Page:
So, this guy, he actually designs action figures for, I won’t say the names of the companies, but a couple of the biggest companies in movie franchises in the world. He asked other people for help and relies on programs that can tell him which color he’s choosing. But when he tried on the glasses, he literally burst into tears. And he just expressed, he said, “I feel like 30, 40 years of anxiety is washing away.” And we were at a flower store with some other colorblind people and he was just describing the nuances in the transitions in colors on the flowers like, “This color goes from purple to pink. And now I can see that inside the color, I can see that there are green stems.” He was just so overwhelmed with emotion and joy that a technology like this now exists that can help him with some of these things that caused him so much anxiety throughout his life. And in a field that he loves, art and color is so important to him.

Josh Anderson:
Oh, definitely. And especially, and that’s something that’s a big thing on here, a big thing is that independence of not having to rely on someone else to help them out with that.

Kent Steeb:
Right. Absolutely. Because people will say, “Well, how do they know that red is red if they don’t see it?” It’s actually a deeper question than it sounds. That gets into how we perceive colors, but they develop associative powers. They know a stop sign is a certain saturation of red. They don’t see it as red like the rest of us do, they see it more as brown and if there’s any vegetation around that stop sign, they won’t see it. It’s difficult for them to see it. If they come to a stoplight, they’ve learned that the position of the green light is here and the position of the red light is here, at the bottom. But they often see them as white or whitish, especially depending on the ambient light at the time of day. So, they will rely on which light is lit as opposed to the actual color.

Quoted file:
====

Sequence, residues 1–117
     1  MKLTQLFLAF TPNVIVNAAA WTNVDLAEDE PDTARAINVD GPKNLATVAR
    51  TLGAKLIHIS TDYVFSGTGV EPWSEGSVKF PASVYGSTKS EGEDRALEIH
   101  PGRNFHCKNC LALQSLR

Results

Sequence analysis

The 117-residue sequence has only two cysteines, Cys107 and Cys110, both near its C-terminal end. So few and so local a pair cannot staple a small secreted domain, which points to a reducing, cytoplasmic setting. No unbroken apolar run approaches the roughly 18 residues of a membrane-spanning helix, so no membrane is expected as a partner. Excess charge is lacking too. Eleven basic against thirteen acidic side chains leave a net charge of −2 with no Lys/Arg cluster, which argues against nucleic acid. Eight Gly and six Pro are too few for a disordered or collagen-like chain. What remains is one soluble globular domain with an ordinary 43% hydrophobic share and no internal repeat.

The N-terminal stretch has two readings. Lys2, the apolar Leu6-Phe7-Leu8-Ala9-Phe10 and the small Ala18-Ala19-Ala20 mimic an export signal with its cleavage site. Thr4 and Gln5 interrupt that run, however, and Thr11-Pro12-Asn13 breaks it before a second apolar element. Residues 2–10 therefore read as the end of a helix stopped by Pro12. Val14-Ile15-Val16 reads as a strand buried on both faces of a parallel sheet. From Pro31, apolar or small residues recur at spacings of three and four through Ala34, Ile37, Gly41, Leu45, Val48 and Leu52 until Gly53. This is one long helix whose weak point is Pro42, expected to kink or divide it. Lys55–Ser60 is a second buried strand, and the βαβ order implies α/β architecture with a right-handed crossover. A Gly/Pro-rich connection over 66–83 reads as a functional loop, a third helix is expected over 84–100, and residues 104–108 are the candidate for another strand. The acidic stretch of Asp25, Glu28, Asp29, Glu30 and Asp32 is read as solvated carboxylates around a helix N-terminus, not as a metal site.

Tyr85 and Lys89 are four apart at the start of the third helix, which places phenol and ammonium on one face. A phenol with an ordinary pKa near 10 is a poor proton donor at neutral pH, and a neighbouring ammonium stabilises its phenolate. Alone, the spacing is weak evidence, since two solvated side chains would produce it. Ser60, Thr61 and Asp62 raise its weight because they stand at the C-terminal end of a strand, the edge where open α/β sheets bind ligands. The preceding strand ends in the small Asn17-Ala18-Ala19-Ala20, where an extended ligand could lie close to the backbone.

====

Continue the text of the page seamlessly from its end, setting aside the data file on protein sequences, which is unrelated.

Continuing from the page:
Kent Steeb:
So, there’s all these different ways that they find to adapt and often identify a color. If their favorite sports team is the Minnesota Vikings, so they know that’s purple or the LSU Tigers, they know that’s purple, but they don’t actually see it as purple. And they can identify if they get really close to it and there’s really good lighting, but they really see it as blue. So, they just kind of find ways to work around it. And there’s plenty of people who are super successful who are colorblind. Mark Zuckerberg is color blind, Bill Gates, Prince William, Mark Twain was colorblind Neil young. There’s plenty of extremely successful people who have not been limited. But they may have had to make adjustments or maybe some of those people were meant to be artists and had a negative experience somewhere as a child and decided art wasn’t their thing.